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You raised the down payment and won the bidding war. Now, you’re the proud owner of a historic home. It has more than its fair share of charm, antiquated beauty and character, but it isn’t the most efficient or even functional house on the block. How do you go about renovating this new purchase? How do you honour the integrity and beauty of your historic home while improving its efficiency and function?

That’s precisely the questions this article intends to answer. Below, let’s explore a couple of common historic home renovations and offer tips on how to do it right!

Replacing Windows

The first and most important item on your renovation list will be window replacement. Residential windows have a typical lifespan of between 15 and 30 years (depending on the initial quality, how well they were installed, whether they were maintained, etc.). Chances are, your historic home’s windows are out-of-date, which can mean they are susceptible to air leaks and energy loss. Old, inefficient windows can cost you a lot on your energy bill and make a home feel less hospitable.

When replacing your windows, find a company that designs and manufactures custom windows with good energy ratings. “Custom” is the operable term here, as you will need the windows to match your home’s unique architecture and design. Work with the window company to create an architectural window in a similar style and material as the existing window.

Replacing the Roof

The next item on your list will likely be roof replacement. Wood and metal shingles have a functional life of up to 45 years, and clay can last even longer. Still, depending on when your home was built (and whether its roof has ever been replaced), you may need a roof replacement to keep your new purchase safe from the elements.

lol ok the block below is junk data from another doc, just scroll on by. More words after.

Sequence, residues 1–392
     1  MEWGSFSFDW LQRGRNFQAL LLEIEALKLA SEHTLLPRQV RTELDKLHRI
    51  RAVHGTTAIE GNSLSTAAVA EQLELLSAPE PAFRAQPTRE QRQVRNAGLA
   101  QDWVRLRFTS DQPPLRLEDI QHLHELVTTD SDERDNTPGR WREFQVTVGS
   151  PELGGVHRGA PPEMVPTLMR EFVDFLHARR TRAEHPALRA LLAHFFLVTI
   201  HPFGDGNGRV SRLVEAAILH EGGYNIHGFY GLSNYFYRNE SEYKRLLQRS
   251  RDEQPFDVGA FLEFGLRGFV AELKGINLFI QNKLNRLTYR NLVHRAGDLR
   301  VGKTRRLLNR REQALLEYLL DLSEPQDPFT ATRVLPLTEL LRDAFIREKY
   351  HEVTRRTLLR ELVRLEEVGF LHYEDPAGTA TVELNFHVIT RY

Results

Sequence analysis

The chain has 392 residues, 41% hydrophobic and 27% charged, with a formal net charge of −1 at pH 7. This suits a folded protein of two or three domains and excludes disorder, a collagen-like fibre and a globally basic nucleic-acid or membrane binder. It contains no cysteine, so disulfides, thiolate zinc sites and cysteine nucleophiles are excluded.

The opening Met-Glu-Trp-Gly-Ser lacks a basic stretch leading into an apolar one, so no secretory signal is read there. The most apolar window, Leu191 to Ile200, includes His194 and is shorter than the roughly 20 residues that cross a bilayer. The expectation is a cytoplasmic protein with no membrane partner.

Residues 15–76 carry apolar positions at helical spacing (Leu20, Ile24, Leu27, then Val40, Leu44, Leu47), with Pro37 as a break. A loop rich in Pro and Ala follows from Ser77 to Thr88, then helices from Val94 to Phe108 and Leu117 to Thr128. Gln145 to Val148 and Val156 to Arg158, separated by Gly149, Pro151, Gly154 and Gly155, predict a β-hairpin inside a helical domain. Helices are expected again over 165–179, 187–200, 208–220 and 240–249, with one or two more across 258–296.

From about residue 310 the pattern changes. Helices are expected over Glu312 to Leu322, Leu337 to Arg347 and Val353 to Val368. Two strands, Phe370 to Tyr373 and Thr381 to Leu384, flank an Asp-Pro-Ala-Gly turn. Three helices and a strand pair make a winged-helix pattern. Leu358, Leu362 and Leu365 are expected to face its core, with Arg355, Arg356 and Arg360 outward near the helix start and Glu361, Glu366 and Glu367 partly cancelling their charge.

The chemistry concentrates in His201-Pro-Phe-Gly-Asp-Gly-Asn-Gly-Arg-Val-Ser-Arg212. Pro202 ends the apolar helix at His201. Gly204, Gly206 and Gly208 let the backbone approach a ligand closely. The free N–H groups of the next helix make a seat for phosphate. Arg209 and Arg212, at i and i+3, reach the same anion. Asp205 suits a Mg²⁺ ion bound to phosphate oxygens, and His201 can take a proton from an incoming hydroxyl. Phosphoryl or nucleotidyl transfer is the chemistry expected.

If your home is registered with the National Registrar of Historic Places, you will need to submit a request for roof replacement. In any case, you will probably need to use the same materials as your existing roof. If the material is rare or difficult to source, this can be a costly process. In the meantime, as you save for your renovation, you may consider temporary patching.

Hiring the Right General Contractor

There’s no better advice for general renovations than this: hire a general contractor who specializes in historic homes. With bureaucratic hoops to jump through and careful considerations to make about materials and structural integrity, having an experienced historic home contractor in your corner is invaluable.

The same goes for the window company you choose and the roofer you employ. As mentioned, find a window company that manufactures and installs their own custom-made architectural windows.

Beyond those important renovations, the rest is usually cosmetic – a coat of paint here, some new hardwood flooring there. Before you know it, you’ll be enjoying your historic home, comforted by the knowledge that it is efficient, functioning and true to its original spirit. All that’s left to do is take lots of proud pictures.